Many body language gestures can be seen as full or partial. Crossing the arms partially is a milder version of the common arms cross gesture.
When a child faces a threatening situation it hides behinds a barrier- a chair, a table, under the stairs, behind a parent, anything that can block it from the source of the threat.
At about 6 years of age, this hiding-behind-objects behaviour becomes inappropriate and so the child learns to cross his arms tightly across its chest to create a barrier between itself and the threat.
Now as we grow older and become more conscious of ourselves we adopt more sophisticated ways of creating barriers when we feel threatened. Everyone knows, at least intuitively, that crossing the arms is a defensive gesture.
So we adopt subtle gestures to ensure that our defensive and threatened position isn’t so obvious to the others.
These kinds of gestures comprise what are known as the partial arm-cross gestures.
Crossing arms partially
A partial arm-cross gesture involves swinging one hand across the front portion of the body and touching, holding, scratching or playing with something on the other arm or near it.
A partial arm cross gesture commonly observed is where one arm swings across the body and the hand of the barrier-creating arm holds the other arm. This gesture is mostly done by women.
The higher the hand grips the arm, the more defensive a person is feeling. It looks as if the person is hugging himself.
When we were kids our parents used to hug us when we were sad or tense. As adults, we attempt to recreate those comfort feelings when we find ourselves in stressful situations.
Any gesture that involves moving one arm across to the other side of the body can be used for the purpose of creating a barrier. For example, men often adjust their cuff-links, play with their watch, pull the cuff button or check their phones to create these arm barriers.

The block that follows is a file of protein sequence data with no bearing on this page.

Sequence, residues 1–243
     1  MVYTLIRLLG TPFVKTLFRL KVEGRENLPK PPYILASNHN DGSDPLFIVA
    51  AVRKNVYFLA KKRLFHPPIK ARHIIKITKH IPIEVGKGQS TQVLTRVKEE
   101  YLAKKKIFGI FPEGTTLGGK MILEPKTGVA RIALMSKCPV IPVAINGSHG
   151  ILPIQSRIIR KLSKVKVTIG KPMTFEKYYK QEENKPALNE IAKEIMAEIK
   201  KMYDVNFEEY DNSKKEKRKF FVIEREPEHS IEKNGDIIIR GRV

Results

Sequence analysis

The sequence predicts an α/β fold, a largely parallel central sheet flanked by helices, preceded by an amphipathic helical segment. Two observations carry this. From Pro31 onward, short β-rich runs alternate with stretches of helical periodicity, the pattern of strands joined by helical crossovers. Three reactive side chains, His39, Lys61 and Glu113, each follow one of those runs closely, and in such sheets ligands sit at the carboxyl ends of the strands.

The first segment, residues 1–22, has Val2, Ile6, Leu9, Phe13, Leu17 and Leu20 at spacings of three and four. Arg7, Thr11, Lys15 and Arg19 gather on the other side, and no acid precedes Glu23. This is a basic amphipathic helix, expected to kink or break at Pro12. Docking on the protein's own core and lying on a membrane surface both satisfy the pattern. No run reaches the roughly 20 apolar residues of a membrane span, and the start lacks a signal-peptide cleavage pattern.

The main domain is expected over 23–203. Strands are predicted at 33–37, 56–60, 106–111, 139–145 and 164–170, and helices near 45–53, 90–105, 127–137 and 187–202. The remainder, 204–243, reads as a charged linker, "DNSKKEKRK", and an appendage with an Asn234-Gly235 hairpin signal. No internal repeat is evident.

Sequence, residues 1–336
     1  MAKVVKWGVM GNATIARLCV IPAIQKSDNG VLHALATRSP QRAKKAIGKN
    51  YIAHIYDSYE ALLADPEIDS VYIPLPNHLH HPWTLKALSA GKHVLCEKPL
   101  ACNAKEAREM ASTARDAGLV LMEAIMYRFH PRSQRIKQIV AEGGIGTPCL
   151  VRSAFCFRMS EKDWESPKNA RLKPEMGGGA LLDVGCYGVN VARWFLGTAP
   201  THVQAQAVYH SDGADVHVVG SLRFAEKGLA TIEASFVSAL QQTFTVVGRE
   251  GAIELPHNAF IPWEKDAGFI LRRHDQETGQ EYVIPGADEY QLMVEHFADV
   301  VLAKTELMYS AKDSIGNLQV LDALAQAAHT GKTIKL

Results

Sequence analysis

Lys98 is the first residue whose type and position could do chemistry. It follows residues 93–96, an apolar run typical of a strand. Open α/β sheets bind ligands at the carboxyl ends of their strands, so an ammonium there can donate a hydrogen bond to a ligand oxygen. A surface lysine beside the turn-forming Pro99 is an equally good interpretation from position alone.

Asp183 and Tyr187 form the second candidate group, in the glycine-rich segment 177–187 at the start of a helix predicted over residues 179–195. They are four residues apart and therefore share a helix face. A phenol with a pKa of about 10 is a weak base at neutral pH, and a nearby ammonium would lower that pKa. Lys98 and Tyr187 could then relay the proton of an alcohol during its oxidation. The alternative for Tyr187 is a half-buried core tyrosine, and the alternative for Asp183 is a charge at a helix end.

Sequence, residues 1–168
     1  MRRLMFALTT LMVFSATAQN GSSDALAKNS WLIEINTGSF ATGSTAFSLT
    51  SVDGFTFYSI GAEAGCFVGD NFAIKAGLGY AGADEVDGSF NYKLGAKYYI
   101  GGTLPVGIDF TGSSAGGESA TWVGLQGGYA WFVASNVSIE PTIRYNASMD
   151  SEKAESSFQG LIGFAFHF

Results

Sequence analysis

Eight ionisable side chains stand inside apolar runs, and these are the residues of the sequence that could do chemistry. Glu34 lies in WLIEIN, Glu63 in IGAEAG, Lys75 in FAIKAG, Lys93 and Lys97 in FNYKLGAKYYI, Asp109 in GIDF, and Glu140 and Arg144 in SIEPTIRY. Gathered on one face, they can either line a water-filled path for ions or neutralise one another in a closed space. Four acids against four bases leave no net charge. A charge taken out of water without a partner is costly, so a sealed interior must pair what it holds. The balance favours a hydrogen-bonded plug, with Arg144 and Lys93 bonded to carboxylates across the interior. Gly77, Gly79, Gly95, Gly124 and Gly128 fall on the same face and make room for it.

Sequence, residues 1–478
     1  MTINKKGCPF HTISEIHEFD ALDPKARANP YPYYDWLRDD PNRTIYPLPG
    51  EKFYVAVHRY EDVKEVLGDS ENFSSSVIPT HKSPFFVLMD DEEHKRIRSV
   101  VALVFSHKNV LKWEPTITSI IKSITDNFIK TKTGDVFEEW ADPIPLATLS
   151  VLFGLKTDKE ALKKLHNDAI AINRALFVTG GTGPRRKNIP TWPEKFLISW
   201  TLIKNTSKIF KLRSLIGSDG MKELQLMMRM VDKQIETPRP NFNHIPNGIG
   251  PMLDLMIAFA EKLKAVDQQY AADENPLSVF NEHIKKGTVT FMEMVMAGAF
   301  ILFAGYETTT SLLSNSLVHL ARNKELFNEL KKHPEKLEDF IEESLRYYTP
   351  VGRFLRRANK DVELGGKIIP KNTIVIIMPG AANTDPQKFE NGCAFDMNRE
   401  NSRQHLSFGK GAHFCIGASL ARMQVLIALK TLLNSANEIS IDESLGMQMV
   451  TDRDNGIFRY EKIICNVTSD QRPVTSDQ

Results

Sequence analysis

Where to observe these partial arm barriers
These gestures can be frequently observed in situations where a person comes in the view of a group of onlookers. The self-consciousness that results from the pressure of so many people watching makes a person want to hide themselves by creating a barrier.
You’ll notice this gesture when a person enters a room full of people he doesn’t know or when he has to walk past a group of onlookers. Celebrities often adopt subtle partial arm barriers when they come in full public view.
They try their best to smile and display a ‘cool’ attitude but what they do with their arms and hands reveal their true feelings.
Travelling via the local transport, you’ll often see a passenger do this gesture as soon as he boards the bus or the train. Women do it very conspicuously by swinging one arm across and holding their handbag.
If you notice this gesture in a group, then the person doing it may either be a stranger to the group or he might be feeling insecure. Now don’t conclude that the person lacks confidence or is shy just because he does this gesture.
He might be feeling insecure because of something that he just heard.
If you are negotiating with a person, an effective way to check how the negotiation is going on is to offer some kind of refreshment to the other person. Then watch where he places the cup of tea or coffee or whatever it is that you gave him on the table.
If the person has established a good rapport with you and is ‘open’ to whatever it is that you are saying, then he might place the cup on his right side on the table.
On the contrary, if the person is not convinced and has a ‘closed’ attitude towards you, then he might place the cup on his left side so that he can create a barrier again and again whenever he goes for a sip. Or it may just be that there wasn’t enough space on his right! Non-verbal skills don’t come easy you see! You have to eliminate every other possibility.